Leenders’ theory proved to be more than just a hunch after some experimentation. While it still has a long road of testing and verification ahead of it, this novel concept provides us with a peak into what the future might hold as we attempt to correct our ecologically devastating habits.
A TEDx Talk From Mr. Leenders
Check out this excellent 9-minute presentation on Plasma Activated Water, given by Paul Leenders at TEDx.
Other Evidence For Plasma Activated Water’s Disinfecting Properties
While we still don’t know the extent to which Plasma Activated Water could prove useful as a disinfectant, there is growing interest in this development. A study entitled “Non-thermal plasma-activated water inactivation of food-borne pathogen on fresh produce” was conducted at the Peking University in Bejing, China. In their research, the scientists demonstrated how Plasma Activated Water could be used to reduce food-borne bacteria. Their findings were promising. To quote the paper:
“Non-thermal plasma has been widely considered to be an effective method for decontamination of foods. Recently, numerous studies report that plasma-activated water (PAW) also has outstanding antibacterial ability. This study presents the first report on the potential of PAW for the inactivation of Staphylococcus aureus (S. aureus) inoculated on strawberries.”
These Chinese researchers are hardly alone in their findings. A quick peak at Google Scholar turns up a load of articles on Plasma Activated Water and its ability to shut down microbial activity.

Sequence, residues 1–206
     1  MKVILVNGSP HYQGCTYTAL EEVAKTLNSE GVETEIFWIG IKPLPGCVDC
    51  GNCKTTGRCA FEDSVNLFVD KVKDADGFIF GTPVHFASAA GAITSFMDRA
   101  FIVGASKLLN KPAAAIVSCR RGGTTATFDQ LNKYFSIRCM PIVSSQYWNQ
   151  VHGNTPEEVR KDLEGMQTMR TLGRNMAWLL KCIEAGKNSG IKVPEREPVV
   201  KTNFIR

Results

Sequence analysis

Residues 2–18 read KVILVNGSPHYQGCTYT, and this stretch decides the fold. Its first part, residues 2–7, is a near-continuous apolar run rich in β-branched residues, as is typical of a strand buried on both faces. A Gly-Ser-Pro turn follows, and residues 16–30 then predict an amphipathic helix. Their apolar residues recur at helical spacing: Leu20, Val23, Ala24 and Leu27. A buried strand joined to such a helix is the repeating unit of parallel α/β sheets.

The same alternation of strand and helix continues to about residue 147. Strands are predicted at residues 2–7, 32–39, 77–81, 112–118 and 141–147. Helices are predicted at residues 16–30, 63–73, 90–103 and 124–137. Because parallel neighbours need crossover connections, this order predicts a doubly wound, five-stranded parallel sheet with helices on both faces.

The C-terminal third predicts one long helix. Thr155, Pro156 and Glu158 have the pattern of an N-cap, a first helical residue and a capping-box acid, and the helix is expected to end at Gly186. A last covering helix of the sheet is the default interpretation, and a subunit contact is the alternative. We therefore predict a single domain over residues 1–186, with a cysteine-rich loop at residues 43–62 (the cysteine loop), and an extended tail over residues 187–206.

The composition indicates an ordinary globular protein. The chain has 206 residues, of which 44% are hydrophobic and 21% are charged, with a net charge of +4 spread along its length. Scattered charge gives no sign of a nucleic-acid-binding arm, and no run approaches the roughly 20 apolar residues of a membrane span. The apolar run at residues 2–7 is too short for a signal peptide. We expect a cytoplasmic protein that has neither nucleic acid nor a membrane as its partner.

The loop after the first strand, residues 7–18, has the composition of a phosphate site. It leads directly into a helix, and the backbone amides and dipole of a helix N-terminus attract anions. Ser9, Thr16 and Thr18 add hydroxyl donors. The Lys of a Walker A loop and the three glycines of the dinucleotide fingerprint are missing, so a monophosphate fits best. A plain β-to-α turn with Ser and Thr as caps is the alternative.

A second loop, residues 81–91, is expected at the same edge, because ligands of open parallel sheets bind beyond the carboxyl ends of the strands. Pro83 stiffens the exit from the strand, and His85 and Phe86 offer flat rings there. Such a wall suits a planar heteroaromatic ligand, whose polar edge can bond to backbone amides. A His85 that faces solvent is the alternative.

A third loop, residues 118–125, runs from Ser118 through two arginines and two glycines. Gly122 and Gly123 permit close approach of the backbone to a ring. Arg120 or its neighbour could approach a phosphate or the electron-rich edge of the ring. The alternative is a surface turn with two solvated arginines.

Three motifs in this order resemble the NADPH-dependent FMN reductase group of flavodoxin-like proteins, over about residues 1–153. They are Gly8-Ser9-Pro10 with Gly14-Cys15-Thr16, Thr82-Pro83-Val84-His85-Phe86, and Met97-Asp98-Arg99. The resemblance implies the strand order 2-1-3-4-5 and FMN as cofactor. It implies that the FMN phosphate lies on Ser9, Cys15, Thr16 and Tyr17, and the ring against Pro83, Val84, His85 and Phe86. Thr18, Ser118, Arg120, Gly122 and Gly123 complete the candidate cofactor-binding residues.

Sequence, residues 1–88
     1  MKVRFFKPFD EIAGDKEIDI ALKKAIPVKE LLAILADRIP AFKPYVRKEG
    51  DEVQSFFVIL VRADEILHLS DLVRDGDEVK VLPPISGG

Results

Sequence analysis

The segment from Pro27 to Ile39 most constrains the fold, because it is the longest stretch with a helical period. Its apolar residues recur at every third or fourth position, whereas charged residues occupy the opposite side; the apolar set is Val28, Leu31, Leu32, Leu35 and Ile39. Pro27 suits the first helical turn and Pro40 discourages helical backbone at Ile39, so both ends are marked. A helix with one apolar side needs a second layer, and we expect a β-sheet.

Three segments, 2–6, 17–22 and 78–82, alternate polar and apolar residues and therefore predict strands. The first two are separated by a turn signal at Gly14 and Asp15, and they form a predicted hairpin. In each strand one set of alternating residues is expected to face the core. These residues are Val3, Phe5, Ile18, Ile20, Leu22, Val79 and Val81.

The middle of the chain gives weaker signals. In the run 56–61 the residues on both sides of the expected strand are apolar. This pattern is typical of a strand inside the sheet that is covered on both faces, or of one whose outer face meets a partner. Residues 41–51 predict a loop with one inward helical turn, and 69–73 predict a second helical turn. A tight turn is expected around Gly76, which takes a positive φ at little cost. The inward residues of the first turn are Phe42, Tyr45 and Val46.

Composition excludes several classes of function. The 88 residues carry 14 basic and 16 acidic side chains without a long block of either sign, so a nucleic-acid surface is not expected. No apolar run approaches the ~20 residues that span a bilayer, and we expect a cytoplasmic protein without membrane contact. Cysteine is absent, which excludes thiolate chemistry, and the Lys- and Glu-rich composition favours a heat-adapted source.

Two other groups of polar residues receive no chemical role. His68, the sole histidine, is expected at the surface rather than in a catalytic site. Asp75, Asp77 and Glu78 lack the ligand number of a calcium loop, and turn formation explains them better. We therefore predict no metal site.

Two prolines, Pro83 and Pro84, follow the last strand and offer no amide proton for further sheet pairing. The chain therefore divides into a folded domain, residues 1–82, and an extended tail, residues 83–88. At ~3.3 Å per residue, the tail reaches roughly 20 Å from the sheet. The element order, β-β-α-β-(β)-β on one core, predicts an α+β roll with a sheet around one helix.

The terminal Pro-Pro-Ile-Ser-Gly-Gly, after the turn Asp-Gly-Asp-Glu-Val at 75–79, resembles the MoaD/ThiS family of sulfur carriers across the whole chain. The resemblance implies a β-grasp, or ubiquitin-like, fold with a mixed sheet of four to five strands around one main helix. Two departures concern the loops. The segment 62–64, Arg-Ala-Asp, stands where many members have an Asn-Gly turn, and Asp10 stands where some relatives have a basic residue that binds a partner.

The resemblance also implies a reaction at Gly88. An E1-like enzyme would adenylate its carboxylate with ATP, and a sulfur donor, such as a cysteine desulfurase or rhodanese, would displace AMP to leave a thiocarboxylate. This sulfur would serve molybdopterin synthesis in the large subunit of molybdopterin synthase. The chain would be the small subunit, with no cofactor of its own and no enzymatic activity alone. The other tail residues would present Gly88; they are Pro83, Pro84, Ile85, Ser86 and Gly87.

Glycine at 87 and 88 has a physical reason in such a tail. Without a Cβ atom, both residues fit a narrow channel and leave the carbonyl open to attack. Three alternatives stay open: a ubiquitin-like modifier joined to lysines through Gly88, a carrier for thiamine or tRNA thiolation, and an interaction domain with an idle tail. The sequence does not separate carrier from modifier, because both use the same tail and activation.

The Disinfectant of the Future?
The jury remains out on whether we’ll see Plasma Activated Water replacing pesticides and disinfectants soon. We certainly hope that this development, or something similar, could prove to be a viable alternative to current methods, which have shown to have a devastating ecological impact. Yet regardless of if we see Plasma Activated Water become a revolutionary technology or not, it is undeniably a fascinating phenomenon worthy of our study and attention.
We’ll keep our eyes open for any updates on Plasma Activated Water technologies and be sure to bring new developments to our readers. If you haven’t already, be sure to subscribe to our Newsletter to always stay up-to-date on the latest from Hydration Anywhere! Thanks for reading!
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Learn about this amazing space-aged technology and how nothing more than regular water could become a powerful disinfectant.
Jacob Hatch is the author and founder of Hydration Anywhere. He has been actively writing about drinking water since 2013. These days Jacob spends most of his time investigating water related news, studying environmental issues, reading health studies, and reviewing products like water bottles and water filters.